You can also read about the 2016 Nobel Prize recipients on the BGSE main website.

Markets or organisations? UPF guest lecture by Robert Gibbons

October 10, 2016


Image source: UPF

If an alien came to earth from outer space wearing glasses that show organizations in pink, and markets in green, what would it see? Would it see more green, and describe our activities on earth as a market economy, or more pink, pointing to an organizational economy? What systematic differences would it notice between underlying circumstances that give rise to green systems, and circumstances that give rise to pink, and would the quality of the outcomes differ for markets and organizations? Finally, would the alien be able to give any advice on how to improve outcomes where we try to solve problems by means of organizations?

Read more…

Vaccine-preventable Childhood Disease and Adult Human Capital Evidence from the 1967 Measles Eradication Campaign in the United States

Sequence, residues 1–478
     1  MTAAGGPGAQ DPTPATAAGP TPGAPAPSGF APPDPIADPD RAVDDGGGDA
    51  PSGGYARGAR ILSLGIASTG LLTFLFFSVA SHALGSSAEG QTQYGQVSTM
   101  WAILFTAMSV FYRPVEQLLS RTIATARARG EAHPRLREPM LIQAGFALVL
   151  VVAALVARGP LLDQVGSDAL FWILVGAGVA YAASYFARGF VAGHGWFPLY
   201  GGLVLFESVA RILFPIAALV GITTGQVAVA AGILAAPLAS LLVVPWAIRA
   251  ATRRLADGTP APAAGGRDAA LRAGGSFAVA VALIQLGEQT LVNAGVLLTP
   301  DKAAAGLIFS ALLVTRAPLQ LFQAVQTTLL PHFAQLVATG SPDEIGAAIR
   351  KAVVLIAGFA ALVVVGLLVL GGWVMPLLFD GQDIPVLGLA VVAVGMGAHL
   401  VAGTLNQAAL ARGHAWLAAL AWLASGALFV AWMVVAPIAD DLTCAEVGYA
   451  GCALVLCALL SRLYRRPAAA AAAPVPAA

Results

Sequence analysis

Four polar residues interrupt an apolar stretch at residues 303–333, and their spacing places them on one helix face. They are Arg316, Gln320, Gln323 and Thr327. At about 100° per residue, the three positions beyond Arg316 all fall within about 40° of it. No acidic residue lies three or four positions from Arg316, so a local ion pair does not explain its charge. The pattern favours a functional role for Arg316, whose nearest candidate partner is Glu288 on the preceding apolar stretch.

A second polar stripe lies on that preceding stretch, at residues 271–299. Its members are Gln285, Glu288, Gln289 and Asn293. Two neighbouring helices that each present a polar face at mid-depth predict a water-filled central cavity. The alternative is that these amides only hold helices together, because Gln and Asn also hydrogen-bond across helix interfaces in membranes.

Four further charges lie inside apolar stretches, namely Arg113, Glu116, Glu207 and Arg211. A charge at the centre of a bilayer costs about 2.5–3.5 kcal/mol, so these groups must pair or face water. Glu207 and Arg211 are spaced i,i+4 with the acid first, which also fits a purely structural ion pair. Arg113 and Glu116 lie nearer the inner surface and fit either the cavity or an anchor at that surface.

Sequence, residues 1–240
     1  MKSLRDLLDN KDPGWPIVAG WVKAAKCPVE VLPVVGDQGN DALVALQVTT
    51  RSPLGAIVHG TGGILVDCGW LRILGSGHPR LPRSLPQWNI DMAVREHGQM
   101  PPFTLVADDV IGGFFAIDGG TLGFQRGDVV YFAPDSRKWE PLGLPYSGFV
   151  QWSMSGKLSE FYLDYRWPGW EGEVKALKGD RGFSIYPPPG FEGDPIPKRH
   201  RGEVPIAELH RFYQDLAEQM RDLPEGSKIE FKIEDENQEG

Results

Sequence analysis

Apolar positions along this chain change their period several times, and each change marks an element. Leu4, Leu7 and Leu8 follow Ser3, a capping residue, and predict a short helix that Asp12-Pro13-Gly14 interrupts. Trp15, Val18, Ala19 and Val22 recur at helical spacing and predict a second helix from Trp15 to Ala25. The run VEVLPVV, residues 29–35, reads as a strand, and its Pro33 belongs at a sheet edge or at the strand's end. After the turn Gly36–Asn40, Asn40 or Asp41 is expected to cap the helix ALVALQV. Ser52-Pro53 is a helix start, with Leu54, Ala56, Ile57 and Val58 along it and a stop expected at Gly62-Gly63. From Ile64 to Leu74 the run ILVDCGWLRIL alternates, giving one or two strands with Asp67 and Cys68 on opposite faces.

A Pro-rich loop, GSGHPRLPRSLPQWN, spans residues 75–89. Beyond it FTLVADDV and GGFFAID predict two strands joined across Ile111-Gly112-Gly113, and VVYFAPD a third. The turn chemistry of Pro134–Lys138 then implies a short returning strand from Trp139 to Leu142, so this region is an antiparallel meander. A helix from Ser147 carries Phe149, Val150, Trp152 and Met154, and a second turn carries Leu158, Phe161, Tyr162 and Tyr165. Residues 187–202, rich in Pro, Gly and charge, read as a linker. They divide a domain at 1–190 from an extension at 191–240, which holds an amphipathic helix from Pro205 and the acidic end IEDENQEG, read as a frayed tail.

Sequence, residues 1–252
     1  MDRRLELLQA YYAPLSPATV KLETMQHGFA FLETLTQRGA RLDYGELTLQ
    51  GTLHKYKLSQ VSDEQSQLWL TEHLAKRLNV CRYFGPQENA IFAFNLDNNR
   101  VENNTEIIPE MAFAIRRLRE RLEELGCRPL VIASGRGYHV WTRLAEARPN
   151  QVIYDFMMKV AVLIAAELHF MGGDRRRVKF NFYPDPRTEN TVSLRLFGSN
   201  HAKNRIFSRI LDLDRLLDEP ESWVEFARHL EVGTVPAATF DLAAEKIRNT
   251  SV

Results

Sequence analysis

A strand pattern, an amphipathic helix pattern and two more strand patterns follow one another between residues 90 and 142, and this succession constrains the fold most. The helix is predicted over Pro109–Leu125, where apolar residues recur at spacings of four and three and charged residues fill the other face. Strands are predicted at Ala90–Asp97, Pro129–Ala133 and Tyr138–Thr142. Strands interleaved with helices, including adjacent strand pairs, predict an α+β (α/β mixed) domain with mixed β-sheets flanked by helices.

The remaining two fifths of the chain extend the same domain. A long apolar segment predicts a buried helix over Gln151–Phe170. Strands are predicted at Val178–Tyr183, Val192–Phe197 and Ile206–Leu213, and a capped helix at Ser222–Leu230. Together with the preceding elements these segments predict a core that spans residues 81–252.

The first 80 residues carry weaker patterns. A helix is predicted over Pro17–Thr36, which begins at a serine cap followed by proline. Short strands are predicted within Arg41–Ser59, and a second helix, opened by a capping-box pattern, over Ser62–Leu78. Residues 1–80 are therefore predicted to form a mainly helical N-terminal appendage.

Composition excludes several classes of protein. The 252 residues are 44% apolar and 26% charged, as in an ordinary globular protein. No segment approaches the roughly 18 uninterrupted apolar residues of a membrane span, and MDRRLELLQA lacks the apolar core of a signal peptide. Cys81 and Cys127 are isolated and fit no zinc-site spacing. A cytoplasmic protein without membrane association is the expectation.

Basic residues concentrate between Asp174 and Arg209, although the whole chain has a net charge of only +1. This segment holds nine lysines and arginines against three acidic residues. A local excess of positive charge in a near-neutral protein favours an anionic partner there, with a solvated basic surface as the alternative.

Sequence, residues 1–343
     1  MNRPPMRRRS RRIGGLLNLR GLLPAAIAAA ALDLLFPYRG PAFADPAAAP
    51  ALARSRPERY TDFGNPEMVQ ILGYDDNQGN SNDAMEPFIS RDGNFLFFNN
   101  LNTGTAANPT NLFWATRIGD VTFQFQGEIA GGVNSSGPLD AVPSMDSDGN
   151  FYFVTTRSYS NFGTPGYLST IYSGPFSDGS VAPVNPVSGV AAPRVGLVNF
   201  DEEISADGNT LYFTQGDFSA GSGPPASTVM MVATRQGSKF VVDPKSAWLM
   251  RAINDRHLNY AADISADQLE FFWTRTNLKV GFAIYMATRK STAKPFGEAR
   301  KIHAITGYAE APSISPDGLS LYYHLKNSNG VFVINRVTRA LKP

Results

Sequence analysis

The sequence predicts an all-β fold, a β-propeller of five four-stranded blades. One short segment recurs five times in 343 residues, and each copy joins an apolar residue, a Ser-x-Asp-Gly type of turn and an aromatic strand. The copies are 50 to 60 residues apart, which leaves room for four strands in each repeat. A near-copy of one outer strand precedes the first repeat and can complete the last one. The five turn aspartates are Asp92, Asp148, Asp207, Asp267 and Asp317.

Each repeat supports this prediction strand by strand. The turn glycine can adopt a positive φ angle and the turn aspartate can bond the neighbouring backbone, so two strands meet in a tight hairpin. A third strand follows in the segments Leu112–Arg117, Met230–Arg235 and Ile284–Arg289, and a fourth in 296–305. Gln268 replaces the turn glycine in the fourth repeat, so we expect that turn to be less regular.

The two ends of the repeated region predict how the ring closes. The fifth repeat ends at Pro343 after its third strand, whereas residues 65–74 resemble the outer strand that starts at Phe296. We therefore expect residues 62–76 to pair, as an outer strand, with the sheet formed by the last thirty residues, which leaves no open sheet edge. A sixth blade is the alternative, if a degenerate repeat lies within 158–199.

October 3, 2016

Editor’s note: This post is part of a series showcasing Barcelona GSE master projects by students in the Class of 2016. The project is a required component of every master program.

Philipp Barteska, Sonja Dobkowitz, Maarit Olkkola, Michael Rieser, Pengfei Zhao

Master’s Program:



Measles is currently one of the leading causes of death for young children worldwide. We analyze the impact of measles prevention on later-life human capital outcomes by taking advantage of a measles eradication campaign implemented in 1967 in the United States. We provide evidence with a difference-in-differences design from the 2000 US census micro-sample for the following statistically significant results: the campaign increased completed years of schooling by two weeks, the probability of completing high school by 0.32 per cent and decreased the probability of being unemployed by 4.26 per cent. Due to the exogenous timing of the eradication campaign, we argue that these results can be interpreted causally. To the best of our knowledge our paper is the first one to document adult human capital impacts of early-life measles exposure using a natural experiment.